What’s Joey Been Suffering Through? April 13 – April 19: Harmony

It’s Harmony Korine week! I don’t think it’s been good for my sanity. Korine is a madman. Who keeps giving him money? How is it possible that he has 8 feature length films and about a trillion shorts? All those questions and more won’t be answered today. Me and my friend Noah decided to sit down and watch every single movie written and/or directed by Harmony Korine. We accomplished our goal, but at what cost? I saw 8.6 (that’s 8 + 0.1 + 0.5 for those of you keeping score), and I have at least a little bit to say about all of them, so here they are in all their glory:


April 13: Kids (random streaming site)

The tale of Harmony Korine begins with a movie about a teen with HIV who loves having sex with virgins. It’s his best movie. By far.

Kids is an interesting look at the depraved youth of New York City, but more than that, it’s the only Korine movie until the final one that has a comprehensible plot that I actually care about. Our virgin-loving protagonist, Telly, has a clear goal, as does Chloe Sevigny, the girl trying to stop him before he causes more damage. It culminates in a horribly depressing and disturbing scene that I won’t describe, but it gave me a nice, mellow, despair-filled feeling. As vile as many of the events were, the remarkably real performances given by the young cast make it something worth watching. Larry Clark proves to be a decent director, and Harmony showed he has writing chops. It was the most misleading way possible to set up the rest of Korine’s repertoire.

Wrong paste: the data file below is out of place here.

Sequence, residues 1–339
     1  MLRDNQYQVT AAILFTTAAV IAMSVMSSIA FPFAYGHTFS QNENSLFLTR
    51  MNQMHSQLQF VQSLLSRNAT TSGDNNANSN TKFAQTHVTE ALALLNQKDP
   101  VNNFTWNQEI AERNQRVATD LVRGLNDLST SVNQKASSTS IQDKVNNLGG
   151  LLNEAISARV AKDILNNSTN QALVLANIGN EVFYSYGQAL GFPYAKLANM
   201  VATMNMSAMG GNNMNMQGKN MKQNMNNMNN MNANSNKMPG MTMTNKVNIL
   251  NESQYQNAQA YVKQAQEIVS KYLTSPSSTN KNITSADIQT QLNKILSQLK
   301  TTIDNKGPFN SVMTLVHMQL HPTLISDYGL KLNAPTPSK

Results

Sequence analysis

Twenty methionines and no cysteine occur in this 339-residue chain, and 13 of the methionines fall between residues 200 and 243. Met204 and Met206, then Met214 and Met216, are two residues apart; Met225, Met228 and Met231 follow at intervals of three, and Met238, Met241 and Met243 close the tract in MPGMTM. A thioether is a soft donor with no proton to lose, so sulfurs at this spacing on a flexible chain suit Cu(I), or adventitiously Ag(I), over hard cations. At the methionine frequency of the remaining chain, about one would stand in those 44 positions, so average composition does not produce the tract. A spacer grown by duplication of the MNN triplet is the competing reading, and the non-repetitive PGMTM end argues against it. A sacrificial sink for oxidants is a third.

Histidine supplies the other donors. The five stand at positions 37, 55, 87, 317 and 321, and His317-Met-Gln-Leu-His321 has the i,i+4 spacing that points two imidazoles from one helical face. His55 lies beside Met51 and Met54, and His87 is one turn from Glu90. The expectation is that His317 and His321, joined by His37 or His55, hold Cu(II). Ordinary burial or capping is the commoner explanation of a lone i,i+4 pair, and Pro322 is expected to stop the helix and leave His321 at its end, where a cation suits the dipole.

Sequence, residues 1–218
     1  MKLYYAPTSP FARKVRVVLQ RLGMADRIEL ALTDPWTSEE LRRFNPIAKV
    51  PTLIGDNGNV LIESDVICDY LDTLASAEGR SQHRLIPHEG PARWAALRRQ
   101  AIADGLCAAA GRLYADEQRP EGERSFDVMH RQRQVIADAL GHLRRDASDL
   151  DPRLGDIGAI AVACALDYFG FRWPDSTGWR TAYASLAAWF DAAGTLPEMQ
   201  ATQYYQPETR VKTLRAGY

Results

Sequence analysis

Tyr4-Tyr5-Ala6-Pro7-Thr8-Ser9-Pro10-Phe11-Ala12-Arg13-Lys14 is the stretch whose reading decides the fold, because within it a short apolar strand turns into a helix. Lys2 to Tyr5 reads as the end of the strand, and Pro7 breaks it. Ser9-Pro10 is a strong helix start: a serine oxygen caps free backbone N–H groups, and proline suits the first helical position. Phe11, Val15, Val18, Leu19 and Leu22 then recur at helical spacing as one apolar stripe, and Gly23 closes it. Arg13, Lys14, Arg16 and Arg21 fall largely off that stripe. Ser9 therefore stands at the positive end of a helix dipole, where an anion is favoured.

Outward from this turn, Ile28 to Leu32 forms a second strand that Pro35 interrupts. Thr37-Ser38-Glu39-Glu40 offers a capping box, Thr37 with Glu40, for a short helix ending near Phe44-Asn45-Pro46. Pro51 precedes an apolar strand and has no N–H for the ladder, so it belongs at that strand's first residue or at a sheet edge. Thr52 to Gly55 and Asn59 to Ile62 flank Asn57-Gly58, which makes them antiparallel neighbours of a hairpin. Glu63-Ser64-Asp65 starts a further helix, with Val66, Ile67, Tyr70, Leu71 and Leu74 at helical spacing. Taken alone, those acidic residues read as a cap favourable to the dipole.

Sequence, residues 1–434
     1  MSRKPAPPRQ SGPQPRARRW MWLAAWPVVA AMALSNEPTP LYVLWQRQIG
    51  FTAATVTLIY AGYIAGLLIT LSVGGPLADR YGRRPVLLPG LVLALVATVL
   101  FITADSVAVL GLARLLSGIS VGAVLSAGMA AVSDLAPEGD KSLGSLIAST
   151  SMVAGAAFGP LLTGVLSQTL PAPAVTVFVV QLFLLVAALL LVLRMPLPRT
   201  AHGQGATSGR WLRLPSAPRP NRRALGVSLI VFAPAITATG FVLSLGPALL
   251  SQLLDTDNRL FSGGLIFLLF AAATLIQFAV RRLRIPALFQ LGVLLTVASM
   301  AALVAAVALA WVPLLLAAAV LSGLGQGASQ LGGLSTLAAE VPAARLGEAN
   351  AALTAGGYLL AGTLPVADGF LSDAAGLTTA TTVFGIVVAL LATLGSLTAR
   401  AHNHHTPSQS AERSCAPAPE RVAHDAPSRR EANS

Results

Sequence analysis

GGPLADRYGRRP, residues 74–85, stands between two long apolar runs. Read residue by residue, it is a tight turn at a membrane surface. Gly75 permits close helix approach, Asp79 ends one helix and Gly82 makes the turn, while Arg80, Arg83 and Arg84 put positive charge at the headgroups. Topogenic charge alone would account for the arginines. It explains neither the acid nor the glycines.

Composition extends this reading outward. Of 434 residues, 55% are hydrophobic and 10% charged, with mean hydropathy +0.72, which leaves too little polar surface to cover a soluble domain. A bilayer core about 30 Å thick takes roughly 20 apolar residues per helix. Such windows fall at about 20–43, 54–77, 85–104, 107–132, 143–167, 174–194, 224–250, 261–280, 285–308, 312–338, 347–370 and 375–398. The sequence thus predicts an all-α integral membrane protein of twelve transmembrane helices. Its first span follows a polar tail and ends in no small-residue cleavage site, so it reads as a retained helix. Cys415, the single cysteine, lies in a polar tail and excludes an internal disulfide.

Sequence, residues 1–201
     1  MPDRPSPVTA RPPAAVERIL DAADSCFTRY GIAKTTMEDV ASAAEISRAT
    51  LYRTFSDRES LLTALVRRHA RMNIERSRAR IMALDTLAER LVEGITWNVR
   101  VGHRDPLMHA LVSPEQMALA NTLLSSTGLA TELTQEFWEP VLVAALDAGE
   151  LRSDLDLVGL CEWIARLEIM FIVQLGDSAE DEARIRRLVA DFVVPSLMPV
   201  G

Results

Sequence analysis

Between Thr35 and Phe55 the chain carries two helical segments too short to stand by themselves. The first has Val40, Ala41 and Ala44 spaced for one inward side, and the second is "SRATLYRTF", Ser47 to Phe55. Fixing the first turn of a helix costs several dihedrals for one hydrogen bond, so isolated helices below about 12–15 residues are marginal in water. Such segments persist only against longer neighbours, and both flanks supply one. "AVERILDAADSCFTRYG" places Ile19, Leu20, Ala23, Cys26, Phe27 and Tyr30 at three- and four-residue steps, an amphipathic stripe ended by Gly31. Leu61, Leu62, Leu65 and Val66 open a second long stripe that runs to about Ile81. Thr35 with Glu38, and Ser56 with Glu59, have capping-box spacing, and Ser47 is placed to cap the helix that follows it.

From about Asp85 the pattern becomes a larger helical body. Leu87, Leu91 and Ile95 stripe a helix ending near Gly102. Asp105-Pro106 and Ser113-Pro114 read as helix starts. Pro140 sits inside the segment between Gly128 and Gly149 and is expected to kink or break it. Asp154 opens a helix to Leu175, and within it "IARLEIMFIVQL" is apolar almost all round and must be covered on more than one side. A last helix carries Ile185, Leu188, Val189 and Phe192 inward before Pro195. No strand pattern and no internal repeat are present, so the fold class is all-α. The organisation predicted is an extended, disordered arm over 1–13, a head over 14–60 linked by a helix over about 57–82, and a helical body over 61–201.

April 13: Gummo (random streaming site)

Gummo is the reason I’ve kept away from Korine for so long. The poster alone has always been enough to scare the shit outta me, and reading the Wikipedia description was all I was willing to do.

Gummo’s scariest scene involves a kid eating spaghetti in a filthy bath. That is to say, it ain’t all that scary.

In a small, incredibly poor town ravaged by a recent hurricane, a couple kids go around killing cats for cash. When another kid starts killing cats, they seek revenge on their competition. Ha, what the hell am I doing, trying to describe the plot of Gummo? It’s an impossible task. Gummo is a series of loosely related scenes (that I think were at least somewhat improvised? Me and Noah couldn’t quite figure it out) that sometimes look like they’re going in a plot related direction, but then do things like cut to a far-too-lengthy segment in which some folks are arm-wrestling and destroying furniture. I’m not disparaging it for being experimental, though. I’m disparaging Korine for not knowing when to stop. While Gummo would probably work as a half hour cut of the strangest shit Korine can conjure up, it drags far too much when stretched to feature length. It has its moments, but overall, Gummo didn’t justify its existence to me nearly enough.


April 13: Julien Donkey-Boy (DVD)